Originally posted at Development that Works
So it turns out according to recent research in the US, that public sector workers get better deals in nicer places.
The presence of local amenities can grant public-sector workers a form of monopoly power that lets them extract more rents. People can only consume the beaches and sunshine of southern California, or benefit from the higher productivity of dense urban areas like Manhattan, by living nearby, and public-sector workers can therefore extract rents up to the point where those who pay the rents are induced to leave these high-amenity areas.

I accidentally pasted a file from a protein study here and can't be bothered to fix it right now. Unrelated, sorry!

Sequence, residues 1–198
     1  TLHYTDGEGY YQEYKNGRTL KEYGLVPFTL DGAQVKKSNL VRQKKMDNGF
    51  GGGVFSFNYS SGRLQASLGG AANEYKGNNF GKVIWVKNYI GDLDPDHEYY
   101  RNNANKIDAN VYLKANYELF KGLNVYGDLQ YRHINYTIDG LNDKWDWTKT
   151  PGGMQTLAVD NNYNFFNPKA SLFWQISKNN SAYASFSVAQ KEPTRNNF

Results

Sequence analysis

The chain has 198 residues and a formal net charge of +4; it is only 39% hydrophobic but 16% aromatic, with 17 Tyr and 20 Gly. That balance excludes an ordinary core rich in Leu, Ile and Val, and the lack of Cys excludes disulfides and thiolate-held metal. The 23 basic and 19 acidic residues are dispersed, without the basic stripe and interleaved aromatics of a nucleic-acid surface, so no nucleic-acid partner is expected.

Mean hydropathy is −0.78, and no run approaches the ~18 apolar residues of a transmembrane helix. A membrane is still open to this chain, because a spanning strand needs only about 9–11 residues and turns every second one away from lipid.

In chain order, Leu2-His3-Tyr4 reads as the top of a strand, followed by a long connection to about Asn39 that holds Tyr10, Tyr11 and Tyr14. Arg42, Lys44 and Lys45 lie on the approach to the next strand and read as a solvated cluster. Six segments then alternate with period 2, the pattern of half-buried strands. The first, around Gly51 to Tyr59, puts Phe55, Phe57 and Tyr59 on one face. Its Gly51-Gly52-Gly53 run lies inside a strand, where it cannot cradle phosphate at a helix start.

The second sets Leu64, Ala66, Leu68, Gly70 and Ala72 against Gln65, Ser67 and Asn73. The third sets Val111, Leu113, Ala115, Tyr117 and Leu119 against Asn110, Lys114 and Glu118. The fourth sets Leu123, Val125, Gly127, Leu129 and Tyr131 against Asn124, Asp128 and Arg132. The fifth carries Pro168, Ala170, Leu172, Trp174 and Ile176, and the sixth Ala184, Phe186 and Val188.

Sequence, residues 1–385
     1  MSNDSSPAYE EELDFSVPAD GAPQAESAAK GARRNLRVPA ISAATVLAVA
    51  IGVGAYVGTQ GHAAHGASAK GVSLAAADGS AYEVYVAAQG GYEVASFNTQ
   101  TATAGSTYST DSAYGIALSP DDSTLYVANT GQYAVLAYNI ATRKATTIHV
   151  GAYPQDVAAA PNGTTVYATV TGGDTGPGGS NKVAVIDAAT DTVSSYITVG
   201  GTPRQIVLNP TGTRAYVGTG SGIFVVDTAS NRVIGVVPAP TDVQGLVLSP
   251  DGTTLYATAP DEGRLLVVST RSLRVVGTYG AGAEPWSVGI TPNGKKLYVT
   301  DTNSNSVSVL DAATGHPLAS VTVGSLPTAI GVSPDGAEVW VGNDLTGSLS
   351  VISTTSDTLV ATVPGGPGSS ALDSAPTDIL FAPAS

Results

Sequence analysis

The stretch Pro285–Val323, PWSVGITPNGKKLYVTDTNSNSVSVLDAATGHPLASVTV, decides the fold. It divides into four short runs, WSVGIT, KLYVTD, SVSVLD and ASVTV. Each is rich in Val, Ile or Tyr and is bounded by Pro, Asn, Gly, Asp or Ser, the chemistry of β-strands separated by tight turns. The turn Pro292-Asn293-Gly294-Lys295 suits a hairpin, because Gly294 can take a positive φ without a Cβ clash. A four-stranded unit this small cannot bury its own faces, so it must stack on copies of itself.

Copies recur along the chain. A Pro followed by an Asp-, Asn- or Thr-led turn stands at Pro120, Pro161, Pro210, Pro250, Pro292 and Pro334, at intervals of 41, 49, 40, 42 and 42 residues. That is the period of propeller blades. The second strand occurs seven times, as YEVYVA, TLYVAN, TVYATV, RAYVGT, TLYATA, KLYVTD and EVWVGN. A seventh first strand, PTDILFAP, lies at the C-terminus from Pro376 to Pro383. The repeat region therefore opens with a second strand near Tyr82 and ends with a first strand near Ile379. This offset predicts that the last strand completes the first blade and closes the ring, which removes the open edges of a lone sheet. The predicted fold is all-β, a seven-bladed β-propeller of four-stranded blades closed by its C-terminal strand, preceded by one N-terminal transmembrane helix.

Is this why the Brazilian government moved its capital from Rio to Brasilia half a century ago?
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